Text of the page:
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Two Defense-Panel Chairmen Are Tightly Bonded Two Defense-Panel Chairmen Are Tightly Bonded

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Two Defense-Panel Chairmen Are Tightly Bonded


Buck McKeon and Bill Young.(AP Photo/J. Scott Applewhite)

House Armed Services Committee Chairman Buck McKeon raises his hand and crosses his middle finger over his index finger when asked how well he gets along with Rep. Bill Young, the top gun on the House Defense Appropriations Subcommittee.

“We are like this,” says McKeon, R-Calif., signaling they are close.


Young, R-Fla., gives a similar response when asked separately about his working relationship with McKeon: “It’s probably as good as it can get.”

These might merely be the polite, collegial answers of two congressional veterans. But other House lawmakers, aides to both men, and defense-budget watchers outside of Congress describe McKeon and Young as seeming to have a genuine mutual respect and a cooperative spirit in their roles in authorizing and appropriating roughly a half-trillion dollars in defense funding.

There have been few, if any, public clashes. However, lawmakers in both parties and others describe McKeon and Young as frustrated with political and budgetary limitations—exacerbated by the sequester—now placed on those roles.


“They are definitely both old school, but right now the whip hands are Paul Ryan and John Boehner,” said Gordon Adams, a former Clinton administration national security budget expert, referring to Budget Committee Chairman Ryan, R-Wis., and House Speaker Boehner, R-Ohio. “This is a totally political game, and the discipline comes from the top. In the old days the barons of defense could drive the traffic through any barrier; in this political and budgetary atmosphere, both are frustrated. They can work together, but they cannot drive the traffic.”

“Old school” is an oft-repeated description of Young and McKeon. “Not part of the lunatic fringe” is how one prominent House Democrat describes the duo, in a derogatory reference to GOP hard-liners. They are also both seen as two of a vanishing breed.

How much longer either will stay in Congress is the subject of speculation, and there is talk they both could be on their way out. Because of Republican term-limit rules, both men would have to obtain a waiver from House leaders to extend their chairmanships for another term, something Young has already needed to keep his gavel, both this term and last session.

Young has also been battling some health problems. But an aide says he is “gearing up earlier than ever” for yet another two-year term. At age 82, the Tampa-area lawmaker is the longest-serving Republican member of the House—he was first elected in 1970 and is now in his 22nd term. It’s a career that includes being chairman of the House Appropriations Committee from 1999 to 2005. He has been chairman of the Defense Appropriations Subcommittee since 2011, with several previous stints in the same job.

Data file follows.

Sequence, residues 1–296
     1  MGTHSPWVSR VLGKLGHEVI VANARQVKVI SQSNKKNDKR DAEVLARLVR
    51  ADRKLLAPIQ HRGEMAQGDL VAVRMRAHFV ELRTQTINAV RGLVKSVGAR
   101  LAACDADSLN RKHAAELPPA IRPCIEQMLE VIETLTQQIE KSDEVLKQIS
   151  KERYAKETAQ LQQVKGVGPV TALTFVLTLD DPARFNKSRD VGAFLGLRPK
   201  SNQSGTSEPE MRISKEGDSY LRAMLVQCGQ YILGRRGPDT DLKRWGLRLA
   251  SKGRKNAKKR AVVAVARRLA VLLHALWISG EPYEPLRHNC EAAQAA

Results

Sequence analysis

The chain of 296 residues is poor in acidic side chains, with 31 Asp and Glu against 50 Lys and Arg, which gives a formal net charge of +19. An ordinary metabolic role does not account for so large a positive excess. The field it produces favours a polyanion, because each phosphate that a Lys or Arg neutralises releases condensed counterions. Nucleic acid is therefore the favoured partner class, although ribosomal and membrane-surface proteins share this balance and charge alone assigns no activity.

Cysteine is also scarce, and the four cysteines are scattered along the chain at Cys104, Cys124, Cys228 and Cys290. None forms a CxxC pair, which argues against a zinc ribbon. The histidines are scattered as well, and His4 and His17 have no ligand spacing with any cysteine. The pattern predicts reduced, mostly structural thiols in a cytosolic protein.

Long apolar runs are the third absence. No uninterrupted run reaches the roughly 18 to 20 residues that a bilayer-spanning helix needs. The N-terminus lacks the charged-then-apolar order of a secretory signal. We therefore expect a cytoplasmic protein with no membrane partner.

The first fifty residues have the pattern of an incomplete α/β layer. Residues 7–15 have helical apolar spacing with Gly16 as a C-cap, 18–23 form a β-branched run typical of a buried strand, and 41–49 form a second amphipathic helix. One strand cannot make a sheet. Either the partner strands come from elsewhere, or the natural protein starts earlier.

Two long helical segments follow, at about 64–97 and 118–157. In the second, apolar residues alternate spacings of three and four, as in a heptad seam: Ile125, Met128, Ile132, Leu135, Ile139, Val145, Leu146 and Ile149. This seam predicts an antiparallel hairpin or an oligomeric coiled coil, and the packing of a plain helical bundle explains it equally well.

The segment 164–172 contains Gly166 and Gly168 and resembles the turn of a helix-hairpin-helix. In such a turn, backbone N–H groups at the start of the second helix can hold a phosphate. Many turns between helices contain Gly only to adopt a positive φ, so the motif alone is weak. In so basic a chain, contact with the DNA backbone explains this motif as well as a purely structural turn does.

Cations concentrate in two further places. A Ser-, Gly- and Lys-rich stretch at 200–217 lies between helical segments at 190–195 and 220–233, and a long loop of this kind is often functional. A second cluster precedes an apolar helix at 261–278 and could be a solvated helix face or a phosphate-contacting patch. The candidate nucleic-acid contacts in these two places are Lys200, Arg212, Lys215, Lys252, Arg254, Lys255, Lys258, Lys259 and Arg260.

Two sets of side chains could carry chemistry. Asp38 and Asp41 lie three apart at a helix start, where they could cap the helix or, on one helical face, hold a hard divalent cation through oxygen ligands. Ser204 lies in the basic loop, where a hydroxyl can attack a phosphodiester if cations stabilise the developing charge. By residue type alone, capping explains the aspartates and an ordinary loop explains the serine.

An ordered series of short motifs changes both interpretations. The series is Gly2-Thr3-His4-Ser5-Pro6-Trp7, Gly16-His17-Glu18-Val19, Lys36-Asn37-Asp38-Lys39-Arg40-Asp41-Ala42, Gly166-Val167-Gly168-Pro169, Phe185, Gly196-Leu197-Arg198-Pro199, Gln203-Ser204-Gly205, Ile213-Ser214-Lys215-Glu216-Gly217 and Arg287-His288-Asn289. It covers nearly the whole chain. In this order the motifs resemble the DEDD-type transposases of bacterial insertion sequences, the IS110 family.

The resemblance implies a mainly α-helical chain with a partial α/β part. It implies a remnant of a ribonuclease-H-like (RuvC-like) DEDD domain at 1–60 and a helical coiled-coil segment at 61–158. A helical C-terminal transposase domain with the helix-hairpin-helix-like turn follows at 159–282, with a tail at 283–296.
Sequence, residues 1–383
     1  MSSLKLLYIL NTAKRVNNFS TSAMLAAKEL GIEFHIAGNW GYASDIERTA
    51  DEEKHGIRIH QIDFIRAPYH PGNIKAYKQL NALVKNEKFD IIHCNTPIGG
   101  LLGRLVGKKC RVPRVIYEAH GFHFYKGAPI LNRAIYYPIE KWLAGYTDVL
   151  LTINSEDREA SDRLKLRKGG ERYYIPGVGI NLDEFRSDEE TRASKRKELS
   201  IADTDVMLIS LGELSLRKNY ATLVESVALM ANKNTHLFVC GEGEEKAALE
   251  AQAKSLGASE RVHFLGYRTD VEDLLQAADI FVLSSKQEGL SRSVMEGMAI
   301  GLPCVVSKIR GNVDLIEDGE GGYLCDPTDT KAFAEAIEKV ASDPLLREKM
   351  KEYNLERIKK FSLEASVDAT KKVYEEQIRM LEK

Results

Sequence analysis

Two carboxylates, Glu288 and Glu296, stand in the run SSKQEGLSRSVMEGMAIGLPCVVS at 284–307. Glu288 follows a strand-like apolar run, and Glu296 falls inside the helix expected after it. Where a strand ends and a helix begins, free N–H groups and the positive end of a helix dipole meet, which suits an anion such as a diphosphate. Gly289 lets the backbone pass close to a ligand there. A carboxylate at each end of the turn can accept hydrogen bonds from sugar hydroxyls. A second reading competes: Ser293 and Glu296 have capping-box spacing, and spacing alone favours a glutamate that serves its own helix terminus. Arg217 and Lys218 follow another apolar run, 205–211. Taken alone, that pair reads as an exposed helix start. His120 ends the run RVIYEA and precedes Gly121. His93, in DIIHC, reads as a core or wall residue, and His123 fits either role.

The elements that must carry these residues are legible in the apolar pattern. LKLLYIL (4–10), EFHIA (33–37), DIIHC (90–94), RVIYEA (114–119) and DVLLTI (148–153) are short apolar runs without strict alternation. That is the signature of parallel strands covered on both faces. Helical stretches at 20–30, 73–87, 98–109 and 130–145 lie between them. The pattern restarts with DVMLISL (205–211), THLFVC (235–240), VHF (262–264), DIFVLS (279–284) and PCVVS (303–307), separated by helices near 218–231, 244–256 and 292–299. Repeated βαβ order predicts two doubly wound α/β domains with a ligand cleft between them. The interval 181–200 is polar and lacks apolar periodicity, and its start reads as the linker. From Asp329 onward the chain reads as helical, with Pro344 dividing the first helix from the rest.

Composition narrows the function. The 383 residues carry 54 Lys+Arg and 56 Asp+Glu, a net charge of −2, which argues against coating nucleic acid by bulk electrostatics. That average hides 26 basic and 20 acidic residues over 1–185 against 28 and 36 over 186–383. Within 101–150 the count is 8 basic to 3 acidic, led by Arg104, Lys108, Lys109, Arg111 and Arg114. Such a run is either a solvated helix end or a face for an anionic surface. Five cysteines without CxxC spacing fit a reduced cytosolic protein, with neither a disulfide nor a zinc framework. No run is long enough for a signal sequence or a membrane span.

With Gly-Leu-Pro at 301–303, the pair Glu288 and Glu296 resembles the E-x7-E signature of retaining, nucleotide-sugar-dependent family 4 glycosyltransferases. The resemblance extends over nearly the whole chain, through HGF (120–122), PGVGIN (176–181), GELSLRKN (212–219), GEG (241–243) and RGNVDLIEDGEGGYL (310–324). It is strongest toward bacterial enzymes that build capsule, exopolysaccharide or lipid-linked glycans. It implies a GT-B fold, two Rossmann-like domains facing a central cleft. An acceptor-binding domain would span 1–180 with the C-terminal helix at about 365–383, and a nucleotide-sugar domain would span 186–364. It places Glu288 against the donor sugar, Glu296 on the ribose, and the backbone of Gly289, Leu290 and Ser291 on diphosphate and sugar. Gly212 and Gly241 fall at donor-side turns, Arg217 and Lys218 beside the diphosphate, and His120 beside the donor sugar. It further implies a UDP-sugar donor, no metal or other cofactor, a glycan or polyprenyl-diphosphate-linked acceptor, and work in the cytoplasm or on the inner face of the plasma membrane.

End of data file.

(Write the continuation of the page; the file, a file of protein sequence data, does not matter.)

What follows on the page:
McKeon, 74, was first elected to the House in 1992. He became the ranking Republican on the Armed Services Committee in 2009, and the California lawmaker began serving as chairman in 2011 when Republicans regained control of the chamber. Of the rumors that McKeon might not run again in 2014, spokeswoman Alissa McCurley said, “Mr. McKeon has no plans to retire at this time.”

Indeed, colleagues see McKeon as the more aggressive political animal. One senior Republican on the Armed Services Committee even says that if he “had to go away for the weekend with one or the other, it would be with Bill Young.”

“He’s less driven by what happens across the street,” said the GOP lawmaker, in a reference to National Republican Congressional Committee headquarters located near the Capitol.

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Ex-Rep. Norm Dicks, D-Wash., himself a former chairman of the Defense Appropriations Subcommittee, describes Young “as bipartisan a person as I can ever recall.” Dicks said one of the hallmarks of Young’s leadership was that “he really tries for unanimity on the committee.”

McKeon says of Young, “I have the greatest respect for him, and we’ve had that since I came here.”

Do they ever disagree? “Maybe,” offers Young. “But if we do, we work those disagreements out. We never have any battles on the floor, or votes to decide who is right and who is wrong. We always work it out.”

As they proceed with work on defense spending for fiscal 2014, Young says his committee staff and McKeon’s communicate almost daily. “You’ll find that our work and their work (in authorizing the funding) is going to be very, very compatible,” Young said. Rep. Jim Moran, D-Va., a member of the Defense Appropriations Subcommittee, said McKeon and Young seem to have a deep respect for each other, possibly because both over their careers have developed a broad perspective on the entire nation’s industrial base. But defense-funding expert Adams said the absence of power is frustrating to them.

“The appropriators have been trying to get back in the game for two years; it’s been hard. And McKeon does not have the clout or credibility to pull off what he would like,” said Adams.

Moran agreed. As he put it, “I think both of them share a frustration.”

This article appears in the June 14, 2013 edition of NJ Daily as Two Defense-Panel Chairmen Are Tightly Bonded.

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